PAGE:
Shoppers will have plenty to digest in the café area of the new Kroger Marketplace opening at 3060 N. National Road in Columbus.
That will include local painter Allison Horner’s oversized acrylic image “Columbus: The Community of Thoughtful Play.”
The artwork will highlight elements of the area’s architecture, including the Large Arch sculpture, the Bartholomew County Public Library, First Baptist Church and the structure at 301 Washington St. housing the late architecture aficionado J. Irwin Miller’s office.
“I’ve kind of been looking for little ‘secrets’ of these buildings (and sculptures),” Horner said of her commission.
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As perfect timing would have it, the Ivy Tech Community College Columbus adjunct instructor currently is teaching a summer course in mural making while she completes her mural-like project she began two weeks ago. A local panel recently chose her for the Kroger project.
“I feel really honored to be exhibiting in a city that has this really rich architectural and art landscape,” she said of her effort being completed in Ivy Tech’s studio space before it is moved. “I feel like I’m participating in that dialogue that’s been going on for over 70 years now.”
She indirectly referred to late Finnish architect Eliel Saarinen’s completion of First Christian Church in 1942, launching the city’s love affair and Miller’s promotion and push for top-notch Modern architecture in the small, Midwestern town.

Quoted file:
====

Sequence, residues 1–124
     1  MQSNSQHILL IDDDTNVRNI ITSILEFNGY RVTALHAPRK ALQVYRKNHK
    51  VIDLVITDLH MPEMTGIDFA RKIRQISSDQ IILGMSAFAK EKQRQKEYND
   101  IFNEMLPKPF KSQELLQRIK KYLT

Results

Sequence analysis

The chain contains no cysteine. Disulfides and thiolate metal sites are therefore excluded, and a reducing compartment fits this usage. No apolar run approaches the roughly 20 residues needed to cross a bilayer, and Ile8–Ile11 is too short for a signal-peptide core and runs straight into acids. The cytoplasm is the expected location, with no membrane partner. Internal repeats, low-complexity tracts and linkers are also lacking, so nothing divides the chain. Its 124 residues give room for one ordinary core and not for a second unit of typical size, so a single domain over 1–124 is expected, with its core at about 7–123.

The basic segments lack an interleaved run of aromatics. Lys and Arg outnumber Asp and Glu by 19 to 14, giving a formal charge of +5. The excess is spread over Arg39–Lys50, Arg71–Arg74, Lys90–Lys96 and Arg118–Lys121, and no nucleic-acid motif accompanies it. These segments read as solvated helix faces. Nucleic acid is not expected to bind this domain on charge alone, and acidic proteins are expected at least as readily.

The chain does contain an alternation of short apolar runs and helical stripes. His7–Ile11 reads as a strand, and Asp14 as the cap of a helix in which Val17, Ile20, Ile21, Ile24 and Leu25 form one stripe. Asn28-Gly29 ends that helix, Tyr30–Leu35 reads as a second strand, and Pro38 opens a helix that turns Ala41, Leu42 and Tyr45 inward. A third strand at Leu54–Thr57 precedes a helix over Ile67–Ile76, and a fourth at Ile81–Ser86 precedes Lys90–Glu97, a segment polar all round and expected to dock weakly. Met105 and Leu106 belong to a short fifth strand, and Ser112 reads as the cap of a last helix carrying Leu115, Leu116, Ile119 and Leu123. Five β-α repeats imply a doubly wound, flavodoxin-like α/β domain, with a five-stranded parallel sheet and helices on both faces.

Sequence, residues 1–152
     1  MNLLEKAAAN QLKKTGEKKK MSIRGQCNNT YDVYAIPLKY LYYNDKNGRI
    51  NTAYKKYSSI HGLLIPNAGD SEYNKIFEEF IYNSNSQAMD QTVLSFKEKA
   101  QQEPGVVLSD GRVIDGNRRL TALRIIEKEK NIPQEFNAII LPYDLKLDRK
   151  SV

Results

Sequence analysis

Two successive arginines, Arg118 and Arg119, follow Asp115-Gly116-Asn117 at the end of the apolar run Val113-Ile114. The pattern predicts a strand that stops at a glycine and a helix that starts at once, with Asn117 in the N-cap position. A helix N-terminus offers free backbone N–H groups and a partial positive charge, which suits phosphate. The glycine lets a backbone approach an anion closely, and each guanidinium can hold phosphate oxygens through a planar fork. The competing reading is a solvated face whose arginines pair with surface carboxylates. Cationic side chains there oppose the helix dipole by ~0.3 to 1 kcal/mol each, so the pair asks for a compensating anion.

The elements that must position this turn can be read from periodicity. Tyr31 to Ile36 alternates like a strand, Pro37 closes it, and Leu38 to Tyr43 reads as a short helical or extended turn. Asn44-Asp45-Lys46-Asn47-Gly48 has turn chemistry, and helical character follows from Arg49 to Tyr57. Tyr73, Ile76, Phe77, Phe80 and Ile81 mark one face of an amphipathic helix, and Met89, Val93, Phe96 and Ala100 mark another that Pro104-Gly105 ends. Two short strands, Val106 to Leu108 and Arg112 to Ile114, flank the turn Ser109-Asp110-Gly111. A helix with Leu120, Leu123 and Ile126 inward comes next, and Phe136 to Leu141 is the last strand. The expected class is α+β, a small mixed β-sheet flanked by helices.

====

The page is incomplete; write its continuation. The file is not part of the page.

Miller and other architecture-related greats, including Columbus library designer I.M. Pei, will be seen in the bottom left of Horner’s work, almost watching over local landmarks.
“I think what seems to make people most happy is how colorful it is right now, even though it’s still in process,” she said. “It has almost a whimsical treatment to it.”
Horner earned her bachelor’s of fine arts with distinction from the Savannah College of Art & Design in 2011. She moved from her native Ohio to Columbus, where her grandparents live, in 2013. She had visited Columbus since her childhood.
“I already was pretty familiar with the city,” she said. “And once I moved back, I learned a lot more about how special this city is and how different it is from other Indiana towns.”